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  • Demand the Best ⟶ Parker Public Adjusting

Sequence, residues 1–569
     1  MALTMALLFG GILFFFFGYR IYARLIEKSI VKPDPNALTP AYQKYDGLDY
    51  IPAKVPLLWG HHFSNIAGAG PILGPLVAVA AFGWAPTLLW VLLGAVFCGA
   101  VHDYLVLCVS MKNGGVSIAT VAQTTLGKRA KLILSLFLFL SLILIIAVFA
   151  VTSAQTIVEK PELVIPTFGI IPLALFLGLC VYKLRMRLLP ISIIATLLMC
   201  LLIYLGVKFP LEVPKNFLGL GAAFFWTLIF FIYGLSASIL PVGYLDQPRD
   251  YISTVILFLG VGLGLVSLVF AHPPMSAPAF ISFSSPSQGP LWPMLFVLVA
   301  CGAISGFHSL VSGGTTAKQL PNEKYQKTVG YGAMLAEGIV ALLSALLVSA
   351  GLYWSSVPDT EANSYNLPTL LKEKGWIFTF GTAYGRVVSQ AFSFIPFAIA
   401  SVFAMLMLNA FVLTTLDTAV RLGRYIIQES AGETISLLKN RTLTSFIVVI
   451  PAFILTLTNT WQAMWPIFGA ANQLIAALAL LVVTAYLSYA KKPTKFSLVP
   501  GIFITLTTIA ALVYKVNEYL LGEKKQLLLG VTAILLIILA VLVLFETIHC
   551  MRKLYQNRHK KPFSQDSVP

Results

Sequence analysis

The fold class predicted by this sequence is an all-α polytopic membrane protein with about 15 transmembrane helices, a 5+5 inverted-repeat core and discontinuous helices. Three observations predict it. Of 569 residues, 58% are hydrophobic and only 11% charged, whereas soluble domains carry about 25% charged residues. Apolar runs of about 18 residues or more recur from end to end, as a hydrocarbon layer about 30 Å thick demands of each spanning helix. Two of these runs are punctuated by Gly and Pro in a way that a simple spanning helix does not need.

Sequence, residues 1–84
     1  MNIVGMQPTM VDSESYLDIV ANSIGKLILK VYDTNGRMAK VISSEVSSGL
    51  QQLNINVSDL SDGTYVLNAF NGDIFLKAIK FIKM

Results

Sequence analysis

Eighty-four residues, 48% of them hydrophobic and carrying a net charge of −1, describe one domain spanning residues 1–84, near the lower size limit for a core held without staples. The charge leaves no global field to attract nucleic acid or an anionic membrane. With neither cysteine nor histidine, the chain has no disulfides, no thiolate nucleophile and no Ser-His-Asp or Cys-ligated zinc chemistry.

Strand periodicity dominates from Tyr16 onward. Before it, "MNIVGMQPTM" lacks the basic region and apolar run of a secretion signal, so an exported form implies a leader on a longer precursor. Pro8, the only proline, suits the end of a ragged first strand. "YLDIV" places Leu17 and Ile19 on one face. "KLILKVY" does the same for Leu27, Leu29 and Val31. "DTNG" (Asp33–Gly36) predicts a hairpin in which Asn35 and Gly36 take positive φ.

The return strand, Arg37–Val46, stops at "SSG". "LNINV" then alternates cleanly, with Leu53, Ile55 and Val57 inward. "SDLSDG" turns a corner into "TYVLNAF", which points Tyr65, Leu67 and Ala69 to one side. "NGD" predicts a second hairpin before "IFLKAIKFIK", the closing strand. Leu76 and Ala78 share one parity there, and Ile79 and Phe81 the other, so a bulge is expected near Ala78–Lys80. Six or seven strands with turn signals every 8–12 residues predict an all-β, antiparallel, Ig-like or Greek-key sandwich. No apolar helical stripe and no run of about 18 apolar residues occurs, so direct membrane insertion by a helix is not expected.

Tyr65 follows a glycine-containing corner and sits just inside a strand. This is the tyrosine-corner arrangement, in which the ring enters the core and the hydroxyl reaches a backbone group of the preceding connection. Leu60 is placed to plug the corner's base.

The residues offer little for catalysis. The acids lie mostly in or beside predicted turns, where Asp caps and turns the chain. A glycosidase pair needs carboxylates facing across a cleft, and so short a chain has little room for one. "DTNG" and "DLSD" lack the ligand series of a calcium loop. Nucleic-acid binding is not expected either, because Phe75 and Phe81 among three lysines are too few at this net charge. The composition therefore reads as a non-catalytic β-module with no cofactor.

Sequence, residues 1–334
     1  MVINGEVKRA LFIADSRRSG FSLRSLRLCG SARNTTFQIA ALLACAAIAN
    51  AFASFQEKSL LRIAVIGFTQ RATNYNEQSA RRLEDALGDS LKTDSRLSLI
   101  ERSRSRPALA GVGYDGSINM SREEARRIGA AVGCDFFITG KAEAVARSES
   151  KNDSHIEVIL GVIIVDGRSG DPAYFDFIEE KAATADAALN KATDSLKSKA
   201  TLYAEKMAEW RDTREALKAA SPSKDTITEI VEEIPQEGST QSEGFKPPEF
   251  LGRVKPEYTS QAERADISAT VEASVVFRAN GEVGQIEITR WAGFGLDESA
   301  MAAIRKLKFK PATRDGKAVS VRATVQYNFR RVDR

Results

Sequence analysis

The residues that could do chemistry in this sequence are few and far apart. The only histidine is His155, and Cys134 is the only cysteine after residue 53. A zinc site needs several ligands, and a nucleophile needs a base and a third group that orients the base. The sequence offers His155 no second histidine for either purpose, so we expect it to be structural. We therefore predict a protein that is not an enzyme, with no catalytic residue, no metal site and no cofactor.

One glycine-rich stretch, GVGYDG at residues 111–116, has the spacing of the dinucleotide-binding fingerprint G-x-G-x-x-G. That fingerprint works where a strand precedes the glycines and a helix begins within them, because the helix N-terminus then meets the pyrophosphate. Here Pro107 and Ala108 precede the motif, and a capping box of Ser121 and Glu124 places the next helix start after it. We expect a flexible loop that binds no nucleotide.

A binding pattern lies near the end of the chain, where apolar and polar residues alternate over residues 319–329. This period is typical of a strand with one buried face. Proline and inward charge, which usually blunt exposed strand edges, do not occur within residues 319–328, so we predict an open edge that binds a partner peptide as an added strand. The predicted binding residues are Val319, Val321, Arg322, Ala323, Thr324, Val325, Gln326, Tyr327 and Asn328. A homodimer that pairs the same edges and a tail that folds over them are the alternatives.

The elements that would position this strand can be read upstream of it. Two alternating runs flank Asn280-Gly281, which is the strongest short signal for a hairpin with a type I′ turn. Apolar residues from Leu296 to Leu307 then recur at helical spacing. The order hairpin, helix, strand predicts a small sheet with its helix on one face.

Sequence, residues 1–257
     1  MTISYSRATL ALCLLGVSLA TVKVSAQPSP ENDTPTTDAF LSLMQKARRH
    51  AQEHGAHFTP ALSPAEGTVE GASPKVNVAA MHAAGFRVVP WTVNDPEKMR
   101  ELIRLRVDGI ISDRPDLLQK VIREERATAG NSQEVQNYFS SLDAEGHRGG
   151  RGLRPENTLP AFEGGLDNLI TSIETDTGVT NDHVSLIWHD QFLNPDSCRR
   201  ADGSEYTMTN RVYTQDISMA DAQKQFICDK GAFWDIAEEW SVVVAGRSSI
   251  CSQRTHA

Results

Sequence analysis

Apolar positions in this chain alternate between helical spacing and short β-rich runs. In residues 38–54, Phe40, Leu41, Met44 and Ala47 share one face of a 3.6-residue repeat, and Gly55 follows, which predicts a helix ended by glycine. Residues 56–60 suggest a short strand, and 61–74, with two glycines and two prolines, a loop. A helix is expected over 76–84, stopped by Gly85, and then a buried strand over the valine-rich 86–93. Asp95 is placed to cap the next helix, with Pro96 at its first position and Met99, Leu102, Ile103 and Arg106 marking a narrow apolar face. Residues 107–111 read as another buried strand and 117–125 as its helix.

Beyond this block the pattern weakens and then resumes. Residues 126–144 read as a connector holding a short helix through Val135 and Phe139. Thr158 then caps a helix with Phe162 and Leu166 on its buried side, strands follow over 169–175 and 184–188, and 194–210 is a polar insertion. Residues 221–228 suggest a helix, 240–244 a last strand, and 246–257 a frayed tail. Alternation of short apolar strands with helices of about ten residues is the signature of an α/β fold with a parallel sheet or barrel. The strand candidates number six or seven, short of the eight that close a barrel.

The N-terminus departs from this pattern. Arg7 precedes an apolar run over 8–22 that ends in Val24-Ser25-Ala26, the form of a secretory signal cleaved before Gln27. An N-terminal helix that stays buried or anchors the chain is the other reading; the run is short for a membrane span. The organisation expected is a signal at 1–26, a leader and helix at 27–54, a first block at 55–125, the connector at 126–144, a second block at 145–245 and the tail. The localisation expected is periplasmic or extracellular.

I NEED CLAIM HELP NOW WHY WOULD I HIRE YOU? DEMAND the BEST, for YOUR → Townhome/HOA PROPERTY CLAIM Start here LET'S FACE IT: You probably don’t know what your insurance policy actually covers... and what it doesn’t Property policies contain: ​ ✗ Deadlines (yes, that’s plural ) ✗ Exclusions ✗ Limitations ​ If you don’t review your policy at every renewal—how do you know what your current policy covers? Do you know how the claims process works? What happens if you have a claim dispute with your insurance company? ​ We can help. ​ As one of the few, resident Minnesota-licensed public insurance adjusting firms, Parker Public Adjusting can guide, coordinate, and negotiate your claim from start, to finish. We are the only type of adjusters licensed to work directly for policyholders, like you. OK, TELL ME MORE Elevating your claim experience DEDICATED, PROFESSIONAL PROPERTY CLAIM SERVICES “I would recommend Sarah to anyone who is dealing with a large insurance claim.” —LAURA AND DUANE A property insurance policy is a contract. Treat it like one . Know your policy's deadlines, limitations, exclusions, and more, before you ever have to file a claim. Serving Minnesota. Get Informed AND GET PREPARED LET'S TALK Not every property claim is easy. Policyholders can hire an adjuster too . Outsource your claim management and dispute resolution to a licensed professional. Serving Minnesota. Claim Your Settlement EXPERIENCED A LOSS? TELL ME MORE Expert witness services? Speaker, author, or podcast guest? Get in touch, and let us know what you need. Serving nationally. Experts at Work FOR THE PROFESSIONALS LET'S CONNECT Policyholder Resources Have you learned anything about property insurance claims, that didn't come from insurance advertising? We're sure that you can agree: informed consumers can make better insuring choices. Get access to multi-format (including interactive) information, curated from leading policyholder non-profits, government organizations, academics, and more. LEARN NOW Claim Pulse blog We're not entirely sure why we love property insurance so much, but our goal is to share our passion and knowledge with informed consumers, and like-minded professionals. Subscribe today, and read about first-party property insurance industry news, educational resources... All through a fresh, crowd-sourced perspective. READ NOW GET TO KNOW US Meet, our Queen of Claims SARAH PARKER